Download it as .ZIP file and then follow these steps:
- Open the grbl-master.zip file and extract the files
- Open the Arduino IDE, navigate to Sketch > Include Library > Add .ZIP Library…
- Navigate to the extracted folder “grbl-master”, in there select the “grbl” folder and click the open file. Now we have to GRBL as an Arduino Library.
- Next, navigate to File > Examples > grbl > grblUpload. A new sketch will open and we need to upload it to the Arduino board. The code might look weird as it’s just one lines, but not worries, everything happens in the background in the library. So, we just have to select the Arduino board, the COM port and hit that upload button and we are done.
At this point we should configure or adjust the GRBL to our machine. We can do that via the Serial Monitor of the Arduino IDE. Once we open the Serial Monitor we will get a message like “Grbl 1.1h [‘$’ for help]”. If you cannot see this message, make sure you change the baudrate to 115200.
If we type “$$” we will get a list of commands or current settings, and they appear something like this:
$100=250.000 (x, step/mm)
$101=250.000 (y, step/mm)
$102=3200.000 (z, step/mm)
$110=500.000 (x max rate, mm/min)
$111=500.000 (y max rate, mm/min)
$112=500.000 (z max rate, mm/min)
$120=10.000 (x accel, mm/sec^2)
$121=10.000 (y accel, mm/sec^2)
$122=10.000 (z accel, mm/sec^2)
All of these commands can be or should be adjusted according to our CNC machine. For example the with first command, $100=250.000 (x, step/mm), we can adjust the steps per mm of the machine, or we can specify how many steps the motor should make in order our X axis to move 1 mm.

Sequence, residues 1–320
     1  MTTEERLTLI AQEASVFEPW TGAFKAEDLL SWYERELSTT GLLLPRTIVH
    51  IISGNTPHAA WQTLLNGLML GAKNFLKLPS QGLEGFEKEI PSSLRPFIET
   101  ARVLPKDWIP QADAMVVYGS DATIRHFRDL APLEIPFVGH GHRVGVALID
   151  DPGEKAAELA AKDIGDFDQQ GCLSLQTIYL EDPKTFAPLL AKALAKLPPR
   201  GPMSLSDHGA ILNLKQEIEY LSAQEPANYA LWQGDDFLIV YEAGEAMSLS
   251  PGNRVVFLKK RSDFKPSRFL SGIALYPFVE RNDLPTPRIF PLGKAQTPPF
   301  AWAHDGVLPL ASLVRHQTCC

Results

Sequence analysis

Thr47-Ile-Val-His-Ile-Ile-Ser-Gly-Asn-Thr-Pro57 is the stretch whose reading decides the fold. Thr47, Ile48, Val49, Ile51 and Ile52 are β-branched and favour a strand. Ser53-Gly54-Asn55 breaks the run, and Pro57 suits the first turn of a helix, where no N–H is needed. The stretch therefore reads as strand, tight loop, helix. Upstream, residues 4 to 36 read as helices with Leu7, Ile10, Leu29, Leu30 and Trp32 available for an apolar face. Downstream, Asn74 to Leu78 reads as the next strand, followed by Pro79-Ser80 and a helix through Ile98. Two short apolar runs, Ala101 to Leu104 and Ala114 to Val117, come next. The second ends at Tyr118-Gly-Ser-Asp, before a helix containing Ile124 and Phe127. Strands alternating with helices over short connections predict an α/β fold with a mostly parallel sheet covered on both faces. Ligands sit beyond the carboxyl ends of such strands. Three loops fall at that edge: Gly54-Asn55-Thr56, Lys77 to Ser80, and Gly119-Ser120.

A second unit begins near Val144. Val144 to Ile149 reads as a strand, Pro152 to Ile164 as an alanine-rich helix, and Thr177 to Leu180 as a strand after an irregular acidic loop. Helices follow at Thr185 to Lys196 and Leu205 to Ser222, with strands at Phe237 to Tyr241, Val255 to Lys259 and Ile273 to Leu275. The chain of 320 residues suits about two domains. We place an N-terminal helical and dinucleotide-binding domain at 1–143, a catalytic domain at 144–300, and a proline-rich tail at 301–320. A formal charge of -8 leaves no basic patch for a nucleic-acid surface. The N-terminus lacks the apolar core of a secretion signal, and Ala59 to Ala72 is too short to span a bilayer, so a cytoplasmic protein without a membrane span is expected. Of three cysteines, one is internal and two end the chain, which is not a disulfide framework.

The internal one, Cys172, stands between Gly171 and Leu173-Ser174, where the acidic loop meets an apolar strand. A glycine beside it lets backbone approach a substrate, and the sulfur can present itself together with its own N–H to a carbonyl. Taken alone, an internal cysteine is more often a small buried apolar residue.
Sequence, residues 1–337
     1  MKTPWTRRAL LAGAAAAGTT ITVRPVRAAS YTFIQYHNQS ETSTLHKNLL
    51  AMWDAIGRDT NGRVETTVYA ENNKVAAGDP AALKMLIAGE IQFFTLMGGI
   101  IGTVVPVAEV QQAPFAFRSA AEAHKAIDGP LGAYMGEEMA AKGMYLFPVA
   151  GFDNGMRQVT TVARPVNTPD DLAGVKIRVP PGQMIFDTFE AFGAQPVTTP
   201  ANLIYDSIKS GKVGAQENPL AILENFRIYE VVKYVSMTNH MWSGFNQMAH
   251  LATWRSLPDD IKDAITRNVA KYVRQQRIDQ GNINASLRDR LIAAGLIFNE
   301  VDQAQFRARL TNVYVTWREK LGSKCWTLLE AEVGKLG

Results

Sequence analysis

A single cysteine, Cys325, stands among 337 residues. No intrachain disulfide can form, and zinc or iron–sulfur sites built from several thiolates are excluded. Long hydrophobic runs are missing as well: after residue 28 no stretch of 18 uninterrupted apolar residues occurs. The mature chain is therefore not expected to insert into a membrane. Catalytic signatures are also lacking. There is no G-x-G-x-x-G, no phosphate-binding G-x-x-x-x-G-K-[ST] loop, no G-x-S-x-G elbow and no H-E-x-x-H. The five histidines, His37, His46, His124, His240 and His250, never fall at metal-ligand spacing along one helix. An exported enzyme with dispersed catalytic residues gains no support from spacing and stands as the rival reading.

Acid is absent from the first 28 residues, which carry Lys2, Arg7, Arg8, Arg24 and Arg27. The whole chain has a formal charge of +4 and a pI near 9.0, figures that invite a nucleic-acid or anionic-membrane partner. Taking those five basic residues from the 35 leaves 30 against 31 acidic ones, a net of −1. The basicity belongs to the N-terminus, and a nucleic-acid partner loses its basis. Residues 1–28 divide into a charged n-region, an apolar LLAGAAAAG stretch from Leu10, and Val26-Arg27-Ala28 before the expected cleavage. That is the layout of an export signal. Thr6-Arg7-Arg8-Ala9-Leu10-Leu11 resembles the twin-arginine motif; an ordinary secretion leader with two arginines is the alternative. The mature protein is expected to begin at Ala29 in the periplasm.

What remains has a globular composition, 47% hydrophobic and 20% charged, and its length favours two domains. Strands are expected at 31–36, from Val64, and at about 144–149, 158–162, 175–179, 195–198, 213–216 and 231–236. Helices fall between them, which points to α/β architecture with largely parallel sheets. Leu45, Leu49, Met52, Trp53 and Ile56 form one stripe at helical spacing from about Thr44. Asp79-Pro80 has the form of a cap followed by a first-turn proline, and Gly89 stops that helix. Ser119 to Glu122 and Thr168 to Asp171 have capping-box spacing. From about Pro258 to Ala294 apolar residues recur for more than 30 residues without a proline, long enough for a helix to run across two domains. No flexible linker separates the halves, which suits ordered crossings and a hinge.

However, I would suggest to leave these settings as they are. There is an easier way to adjust them according to our machine using the controller software, which we will explain in the next section.
So once we have installed the GRBL firmware, now our Arduino knows how to read G-code and how to control the CNC machine according to it. However, in order to send the G-code to the Arduino we need some kind of interface or a controller software which will tell the Arduino what to do. Actually, there are many both open source and commercial programs for that purpose. Of course, we will stick to open source, so as an example we will use the Univarsal G-code Sender.
How to Use Universal G-code Sender
For this example, I will use the 2.0 Platform version. Once we download it, we need to extract the zip file, go the “bin” folder and open any of the executable “ugsplatfrom” files. This is actually a JAVA program, so in order to be able to run this program, first we need to install JAVA Runtime Environment.
Once we open the Universal G-code sender, first we need to configure the machine, or configure the GRBL parameters shown earlier. For that purpose we will use the UGS Setup Wizard which is much more convenient then manually typing commands through the Serial Monitor of the Arduino IDE.